I remember shooting the movie Atlas in Greece in 1961. I was staging the climactic battle in which Atlas leads the troops of Praximedes against the walled city of Thenis. I’d promised a contribution to the Greek Army Charity Fund in return for its providing five hundred soldiers for the battle. On the appointed day only fifty appeared. Possibly someone had misplaced a decimal point. The script called for Praximedes to overwhelm the outnumbered defenders with the size of his army. The only thing I could think of was to abandon my plans for large-scale panoramic shots and shoot the battle in a series of close action shots to hide the size of the army with a flurry of action on the screen. Before shooting I quickly wrote some new dialogues in which Atlas asked Praximedes how he hoped to conquer the city with such a small number of soldiers. Praximedes replied that in his theory of warfare a small band of efficient, dedicated, highly trained warriors could defeat any number of rabble. That’s my theory of filmmaking!
You are your own highly-trained and efficient army when it comes to ongoing creation. Your mission is to get it done with whatever time and resources that you already have. An artist might never accept the challenge. But it’s not ART.
Can it be artistic at all? Sure, if you do it right.
Flip the game and make your style deliberate.
If you know what kind of style aligns with your work, and it also fits your schedule and other resources, you will win. That’s how producers tackle any projects. Don’t start from your ideas. Start from your resources.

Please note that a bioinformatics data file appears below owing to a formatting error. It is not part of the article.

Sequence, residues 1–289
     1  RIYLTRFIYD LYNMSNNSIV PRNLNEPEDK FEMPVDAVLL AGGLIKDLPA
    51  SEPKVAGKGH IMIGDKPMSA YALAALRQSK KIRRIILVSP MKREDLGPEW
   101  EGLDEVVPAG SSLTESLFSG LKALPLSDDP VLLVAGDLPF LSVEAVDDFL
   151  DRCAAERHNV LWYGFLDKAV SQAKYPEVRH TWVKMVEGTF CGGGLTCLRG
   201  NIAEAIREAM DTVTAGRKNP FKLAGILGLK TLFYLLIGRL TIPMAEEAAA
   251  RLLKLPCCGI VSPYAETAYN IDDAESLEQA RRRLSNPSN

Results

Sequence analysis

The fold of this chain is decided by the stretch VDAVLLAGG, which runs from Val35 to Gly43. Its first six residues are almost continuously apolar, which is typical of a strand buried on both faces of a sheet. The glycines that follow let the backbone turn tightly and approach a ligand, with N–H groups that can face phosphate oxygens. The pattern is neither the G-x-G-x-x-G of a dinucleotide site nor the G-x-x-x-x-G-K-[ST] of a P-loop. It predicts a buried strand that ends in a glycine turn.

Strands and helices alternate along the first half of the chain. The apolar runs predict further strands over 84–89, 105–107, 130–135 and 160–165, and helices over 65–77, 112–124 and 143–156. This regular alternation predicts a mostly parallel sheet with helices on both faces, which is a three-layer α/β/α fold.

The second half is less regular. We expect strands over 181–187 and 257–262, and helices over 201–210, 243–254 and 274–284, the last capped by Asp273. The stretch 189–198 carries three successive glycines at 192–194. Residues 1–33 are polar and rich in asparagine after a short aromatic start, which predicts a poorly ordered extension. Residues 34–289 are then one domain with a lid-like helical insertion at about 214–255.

Young rebels of the French New Wave movement couldn’t afford to move their cameras in complicated mise-en-scènes, so their solution was handheld shots. And then what happened was that shaky cameras became an important part of their style, as if it was a better aesthetic for telling modern stories.
Punk rock was a reaction to the long guitar solos performed by rich and famous rock stars. Those kids didn’t have the connections, money, or skills – but they knew how a good, simple riff could move the audience. And damn, they took the rock back to its roots!
Do you remember the post where we talked about lo-fi style? Lo-fi content is the reaction of digital creators to mainstream media.
Commit to a deadline
Most publishers don’t prioritize quality. Nailing distribution and deadlines are how they succeed.
You have to be able to get your content done in a short turn around and commit to publishing it based on a strict schedule.
Digital creators don’t let perfection get in the way. Why? Because your audience doesn't care about your color choice or if the font is 10 pixels smaller. This study from Google reveals that traditional, TV-era markers of quality are less important to YouTube viewers than they once were -- they’re placing more value on content that relates to their personal interests and passions.
I’m not saying that you should throw your artistic life away to become a successful content creator. NO! You just need to put a different hat on for certain hours of the day.
I know, it’s hard. Every bit of content in NXT ANIMAL Instagram or this newsletter is something I wish I could have spent a little more time on to perfect. But I am committed to publishing fresh content daily and weekly for my audience!
Here is your takeaway
Building an audience is not for everyone. First see if you can dedicate your career (or part of it) to this new way of working and living.
Create like a practical producer by seeing how far you can go with what you have on hand right now.
Deliver like a publisher by committing to a realistic schedule.
Sometimes good enough is good enough!
That is all (for now) folks!
Stay sane, stay yourself,